Research responses

Below are responses by the Finasteride Watch editor to peer-reviewed research on harms of finasteride and dutasteride.

Some responses have also been posted on PubPeer:


  • Reckoning with underreporting—response to Lauck et al, 2024

    We do not know if the medical records used in this study are sensitive to sexual dysfunction in healthy men, and especially in men taking these drugs for hair loss. Since the study includes men taking 5-ARIs, the results do not shed light on why sexual dysfunction might persist after stopping these drugs.


  • Against armchair medicine: a retort to skeptical physicians

    Physicians have used flimsy arguments to cast doubt on 5-alpha syndrome. They overlook social context, misread literature, omit inconvenient facts and disparage patients. Rebuttals for each of these arguments are provided.


  • Study of depression from prostate drugs loses the signal by including past users

    Response to: Hagberg KW, Divan HA, Nickel JC, Jick SS. Risk of incident antidepressant-treated depression associated with use of 5α-reductase inhibitors compared with use of α-blockers in men with benign prostatic hyperplasia: a population-based study using the Clinical Practice Research Datalink. Pharmacotherapy. 2017. doi:10.1002/phar.1925 SUMMARY: Hagberg et al, 2017 fails to assess the risk of…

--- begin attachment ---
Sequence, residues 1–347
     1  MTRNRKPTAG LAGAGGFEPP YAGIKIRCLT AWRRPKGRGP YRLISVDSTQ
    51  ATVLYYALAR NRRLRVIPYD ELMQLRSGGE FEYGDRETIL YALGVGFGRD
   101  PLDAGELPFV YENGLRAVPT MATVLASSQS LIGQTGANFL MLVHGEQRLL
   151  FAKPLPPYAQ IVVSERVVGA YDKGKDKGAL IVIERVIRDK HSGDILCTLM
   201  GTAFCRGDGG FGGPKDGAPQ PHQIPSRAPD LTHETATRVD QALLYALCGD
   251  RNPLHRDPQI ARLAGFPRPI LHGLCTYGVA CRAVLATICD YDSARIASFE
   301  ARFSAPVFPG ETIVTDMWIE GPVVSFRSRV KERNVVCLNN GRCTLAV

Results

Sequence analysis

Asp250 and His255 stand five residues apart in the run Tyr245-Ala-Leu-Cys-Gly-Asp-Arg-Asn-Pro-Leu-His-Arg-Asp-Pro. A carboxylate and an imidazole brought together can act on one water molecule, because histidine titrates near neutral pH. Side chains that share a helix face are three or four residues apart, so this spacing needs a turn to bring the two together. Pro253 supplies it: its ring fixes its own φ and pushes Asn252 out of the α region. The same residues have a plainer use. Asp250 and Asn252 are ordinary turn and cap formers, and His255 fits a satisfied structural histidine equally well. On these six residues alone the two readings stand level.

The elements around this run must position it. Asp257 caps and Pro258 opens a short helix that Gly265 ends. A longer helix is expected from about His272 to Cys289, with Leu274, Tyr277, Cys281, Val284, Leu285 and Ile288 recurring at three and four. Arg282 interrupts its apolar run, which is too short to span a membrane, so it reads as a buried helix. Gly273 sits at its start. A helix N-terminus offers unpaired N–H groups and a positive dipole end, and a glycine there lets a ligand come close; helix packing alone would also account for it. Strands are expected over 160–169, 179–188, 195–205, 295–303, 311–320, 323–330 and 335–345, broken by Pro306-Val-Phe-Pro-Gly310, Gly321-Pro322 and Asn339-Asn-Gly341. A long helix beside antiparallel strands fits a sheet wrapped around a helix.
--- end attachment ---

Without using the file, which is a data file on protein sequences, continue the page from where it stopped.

• Study of ED risk loses the signal by including past users of finasteride

    There is a major limitation: the analysis included past and recent users of 5ARIs, as well as current users. Past users are defined as those who stopped taking a 5ARI at least 91 days before getting diagnosed or treated for ED. Recent users are those who last took the drug 31-90 days before diagnosis or…


  • Mind the gaps: remarks on the evidence base

    This post makes a few not-so-obvious points about the sprawling literature on finasteride and 5-alpha syndrome. If you are new to this literature, consider starting with a brief history of the research and a guide for researchers. Those pages describe what is in the literature, but it is also important to discern what is not…